Mashable has the story on this interesting new development in thermal camouflage.
American soldiers may soon be able to hide their body heat from any enemy who uses a thermal imaging device to find them. A new turkey suit breaks up heat waves that wash off a person’s body so the pattern of those waves blend in with the heat waves of the surrounding environment.
It’s thermal camouflage.
Tracking body heat requires a thermal imaging sensor, a gadget that can take the form of a range of devices, including binoculars. The ability especially comes in handy at night when conventional eyesight is poor in the dark. Thermal imaging has traditionally given the United States military a huge advantage in the dark, largely because most opposing forces couldn’t afford the technology.
But now, any ragtag group of insurgents can purchase a heat sensor online for cheap or just download a thermal imaging app. This is why the new uniforms, called Nemesis turkey suits, might become important tools for any soldiers that takes part in night operations.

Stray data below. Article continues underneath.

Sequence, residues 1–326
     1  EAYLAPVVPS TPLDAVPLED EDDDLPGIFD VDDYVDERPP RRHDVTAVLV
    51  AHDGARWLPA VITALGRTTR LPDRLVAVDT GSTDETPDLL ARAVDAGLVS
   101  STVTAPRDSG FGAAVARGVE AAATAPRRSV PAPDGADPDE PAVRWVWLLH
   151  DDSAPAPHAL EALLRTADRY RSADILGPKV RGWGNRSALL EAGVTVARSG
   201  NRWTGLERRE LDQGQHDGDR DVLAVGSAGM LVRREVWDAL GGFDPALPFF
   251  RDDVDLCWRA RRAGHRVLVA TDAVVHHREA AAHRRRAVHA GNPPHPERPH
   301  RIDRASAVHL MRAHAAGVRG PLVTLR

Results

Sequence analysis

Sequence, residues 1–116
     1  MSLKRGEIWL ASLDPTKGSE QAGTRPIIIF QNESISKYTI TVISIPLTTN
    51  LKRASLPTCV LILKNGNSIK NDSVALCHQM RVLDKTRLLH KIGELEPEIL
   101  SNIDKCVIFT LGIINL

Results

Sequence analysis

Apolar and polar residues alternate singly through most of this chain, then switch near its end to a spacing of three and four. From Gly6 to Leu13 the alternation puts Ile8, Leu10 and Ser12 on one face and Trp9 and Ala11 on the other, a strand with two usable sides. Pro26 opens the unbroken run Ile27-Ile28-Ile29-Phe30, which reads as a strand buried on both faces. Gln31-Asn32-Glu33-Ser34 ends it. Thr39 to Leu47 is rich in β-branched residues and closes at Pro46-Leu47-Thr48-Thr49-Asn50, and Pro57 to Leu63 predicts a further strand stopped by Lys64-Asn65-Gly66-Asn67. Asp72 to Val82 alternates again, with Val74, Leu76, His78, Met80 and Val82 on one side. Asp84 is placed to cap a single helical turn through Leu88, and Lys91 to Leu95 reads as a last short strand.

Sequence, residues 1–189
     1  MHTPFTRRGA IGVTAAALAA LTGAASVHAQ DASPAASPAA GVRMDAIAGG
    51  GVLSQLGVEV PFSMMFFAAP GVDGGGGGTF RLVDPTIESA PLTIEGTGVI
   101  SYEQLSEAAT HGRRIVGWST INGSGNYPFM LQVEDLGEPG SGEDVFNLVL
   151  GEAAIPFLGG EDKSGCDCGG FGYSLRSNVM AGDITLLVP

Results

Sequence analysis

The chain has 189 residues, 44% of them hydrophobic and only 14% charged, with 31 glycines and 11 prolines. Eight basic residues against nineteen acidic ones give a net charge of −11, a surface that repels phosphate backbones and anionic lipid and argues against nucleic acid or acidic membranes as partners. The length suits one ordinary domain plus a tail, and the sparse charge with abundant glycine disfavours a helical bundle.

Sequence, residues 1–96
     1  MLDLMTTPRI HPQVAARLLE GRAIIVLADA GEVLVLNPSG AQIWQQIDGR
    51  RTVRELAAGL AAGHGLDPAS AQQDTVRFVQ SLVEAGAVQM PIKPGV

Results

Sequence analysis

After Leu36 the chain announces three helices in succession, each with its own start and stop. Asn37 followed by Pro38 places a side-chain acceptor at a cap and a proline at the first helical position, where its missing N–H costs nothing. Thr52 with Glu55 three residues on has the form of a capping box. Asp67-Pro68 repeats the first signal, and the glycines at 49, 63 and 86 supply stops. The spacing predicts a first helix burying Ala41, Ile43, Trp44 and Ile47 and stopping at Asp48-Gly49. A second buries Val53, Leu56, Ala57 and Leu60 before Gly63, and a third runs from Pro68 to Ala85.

People emanate warm waves in the shape of their bodies, so it’s easy for a person with proper equipment to identify a person in a forest or brush.
An average thermal sensor can detect body heat around 5,000 feet away, or from a distance of about 16.5 football fields. But if someone is shrouded in the turkey suit, the sensor won’t pick up anything, said Margaret Kearney, the manager of government and military products for garment manufacturer Raven Aerostar, the company behind the turkey suit. “[The suit] dramatically reduces that 5,000 foot range,” she added.
Though anyone can buy a suit directly through Raven Aerostar or the U.S. General Services Administration, the military is only in the early stages of testing them. Raven Aerostar hopes the suits become a common fixture among U.S. soldiers within five years, but an army spokesperson told Mashable the two organizations haven’t agreed to a contract yet.
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